GoDaddy ads definitely demeaning – to men
Or the Jockey print campaign with major league pitcher Jim Palmer earlier that decade, back in the day when Sears catalog models still wore undergarments beneath bras? Let's just say the annual baseball forecasts weren't the only reason I looked forward to receiving SPORT magazine in the mail.
Funny how 20 years down the road, neither of those commercials undercuts a blessed thing Palmer or Esiason did on the field or off. Both have gone on to work as television analysts, full clothed now, and Esiason has done amazing things on behalf of cystic fibrosys patients, including his own son.
Yet every time IndyCar driver Danica Patrick does something that reminds people she's a girl, it starts all over again.
How can we take her seriously as an athlete when she's out there flaunting herself? She should focus on racing, not on revealing herself.
As if people wouldn't find room to criticize Patrick even if she walked around wrapped in a burka. Racing legends have flat-out said she doesn't belong, and peers say she has an edge over male drivers at "the right time of the month."
That's why I find the latest Patrick controversy - over the Super Bowl commercials she appeared in for godaddy.com - amusing.
Disclosure: GoDaddy is my host, but I pay them, not the other way around. That decision was based on a recommendation from a friend, not on seeing Patrick plastered all over their home page. For me, the opinions of people I know in real life always have been bigger factors in purchases than the advice of paid pitchmen. Or women.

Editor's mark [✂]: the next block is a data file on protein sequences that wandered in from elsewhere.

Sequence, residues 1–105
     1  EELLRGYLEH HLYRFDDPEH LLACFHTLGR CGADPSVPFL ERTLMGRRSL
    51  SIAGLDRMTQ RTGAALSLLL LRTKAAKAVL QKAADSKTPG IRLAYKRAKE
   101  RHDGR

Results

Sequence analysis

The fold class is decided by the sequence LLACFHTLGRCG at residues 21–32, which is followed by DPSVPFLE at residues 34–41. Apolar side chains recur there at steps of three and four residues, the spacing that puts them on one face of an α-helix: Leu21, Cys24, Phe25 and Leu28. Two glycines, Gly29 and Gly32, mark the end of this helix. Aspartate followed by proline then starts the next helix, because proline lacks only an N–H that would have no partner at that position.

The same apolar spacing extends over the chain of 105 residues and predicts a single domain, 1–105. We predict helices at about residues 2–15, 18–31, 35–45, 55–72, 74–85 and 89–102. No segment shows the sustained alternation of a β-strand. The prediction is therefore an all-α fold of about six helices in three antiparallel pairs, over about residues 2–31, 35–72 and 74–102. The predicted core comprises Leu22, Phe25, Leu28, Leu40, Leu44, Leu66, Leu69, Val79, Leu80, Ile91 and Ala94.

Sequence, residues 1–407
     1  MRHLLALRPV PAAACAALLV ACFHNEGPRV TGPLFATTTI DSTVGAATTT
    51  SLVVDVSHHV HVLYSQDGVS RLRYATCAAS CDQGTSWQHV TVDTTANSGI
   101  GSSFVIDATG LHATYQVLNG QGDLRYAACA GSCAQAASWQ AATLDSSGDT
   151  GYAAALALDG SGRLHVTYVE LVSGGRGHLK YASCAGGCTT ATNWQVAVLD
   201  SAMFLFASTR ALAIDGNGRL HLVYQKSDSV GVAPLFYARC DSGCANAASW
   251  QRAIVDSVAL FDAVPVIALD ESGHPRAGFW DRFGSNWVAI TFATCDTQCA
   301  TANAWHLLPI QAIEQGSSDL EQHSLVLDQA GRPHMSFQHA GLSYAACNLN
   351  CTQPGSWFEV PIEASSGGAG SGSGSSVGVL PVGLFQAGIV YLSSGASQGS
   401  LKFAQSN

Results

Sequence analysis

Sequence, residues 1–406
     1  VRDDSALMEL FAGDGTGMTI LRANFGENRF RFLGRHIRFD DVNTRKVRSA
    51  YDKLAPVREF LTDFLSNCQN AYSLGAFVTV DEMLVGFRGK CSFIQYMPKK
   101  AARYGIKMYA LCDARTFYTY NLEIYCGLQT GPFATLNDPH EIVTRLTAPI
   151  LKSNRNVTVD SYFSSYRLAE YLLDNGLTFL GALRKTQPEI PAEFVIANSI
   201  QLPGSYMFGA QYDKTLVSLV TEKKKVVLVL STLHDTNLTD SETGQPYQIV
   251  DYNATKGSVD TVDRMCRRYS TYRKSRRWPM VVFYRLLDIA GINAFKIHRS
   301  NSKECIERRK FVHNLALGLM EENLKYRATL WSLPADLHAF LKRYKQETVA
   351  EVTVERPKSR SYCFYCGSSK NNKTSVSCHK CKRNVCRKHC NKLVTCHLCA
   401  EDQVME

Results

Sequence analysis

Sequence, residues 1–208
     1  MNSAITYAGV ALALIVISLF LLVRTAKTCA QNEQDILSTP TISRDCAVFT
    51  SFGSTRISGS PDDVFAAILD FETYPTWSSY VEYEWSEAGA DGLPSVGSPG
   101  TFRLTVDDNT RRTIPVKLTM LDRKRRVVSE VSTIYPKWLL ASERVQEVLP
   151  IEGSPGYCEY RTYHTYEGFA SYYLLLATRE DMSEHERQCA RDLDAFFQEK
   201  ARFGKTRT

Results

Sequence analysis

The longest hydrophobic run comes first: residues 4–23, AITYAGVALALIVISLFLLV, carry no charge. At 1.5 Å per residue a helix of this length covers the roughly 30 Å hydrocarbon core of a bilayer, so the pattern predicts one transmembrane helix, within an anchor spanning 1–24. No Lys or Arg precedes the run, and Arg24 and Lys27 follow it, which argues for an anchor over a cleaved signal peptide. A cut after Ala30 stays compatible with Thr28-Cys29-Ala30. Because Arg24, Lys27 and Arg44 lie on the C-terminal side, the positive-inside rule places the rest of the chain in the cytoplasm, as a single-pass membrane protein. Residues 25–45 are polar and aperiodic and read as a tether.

And yes, the latest GoDaddy Super Bowl ads were demeaning all right, but not to women. They instead insulted men, who were depicted as ogling, drooling nerds with brains a little south of the normal location.
In one that actually aired - the more risque ones were banned from the telecast - three nerdy men huddle around a computer to gaze at a Patrick "web cam." You see her shins and shoulders, and that's it.
The other, more questionable one for prime-time television is a spoof of a government hearing about "enhancements." Two cleavage-rich woman are questioned first and deny the accusation as staid male political types look on. Patrick readily admits enhancing her image with a Web site through godaddy.com.
Still, that ad is no worse than any spoof on any given weekend on "Saturday Night Live" and, had it aired at that hour, it wouldn't have drawn attention much beyond the usual anti-Patrick crowd.
Were the commercials, strategically "leaked" weeks before the game, effective advertising? You bet. People still are talking about and viewing them today. They drove massive traffic to GoDaddy's Web site - if for no other reason than to see the uncensored version of the commercials - and the company says that's translated to an increase in sales.
It's the second-oldest trick in advertising, and GoDaddy CEO Bud Parsons has mastered it. Create a controversy, create continuing buzz, hold attention for far longer than it takes the commercial to air.
People fell for it in this case in particular because society has trouble accepting an attractive woman who has incredible gifts beyond her appearance. It's a problem I'll never experience personally, but too many people want women such as Patrick to be either beauty or the brain. They have trouble dealing when she tries to be both.
I like Patrick. I'd love to see her obliterate the IRL then move over and do the same to NASCAR, in part because I'm hoping to raise a generation of males whose knuckles are less likely to scrape the pavement at the thought of women in racing.
I also like Palmer. I didn't root for him as much because I'm a National League fan. But I have to tell you those ads did motivate me to watch a few more Orioles games than I would have ordinarily. That man's easy on the eyes even when in uniform.
Sex sells. That's the oldest trick in advertising. It seems to be acceptable when the person selling is named Jim, but not when the name is Danica.
Copyright 2009 Debra Legg. All rights reserved.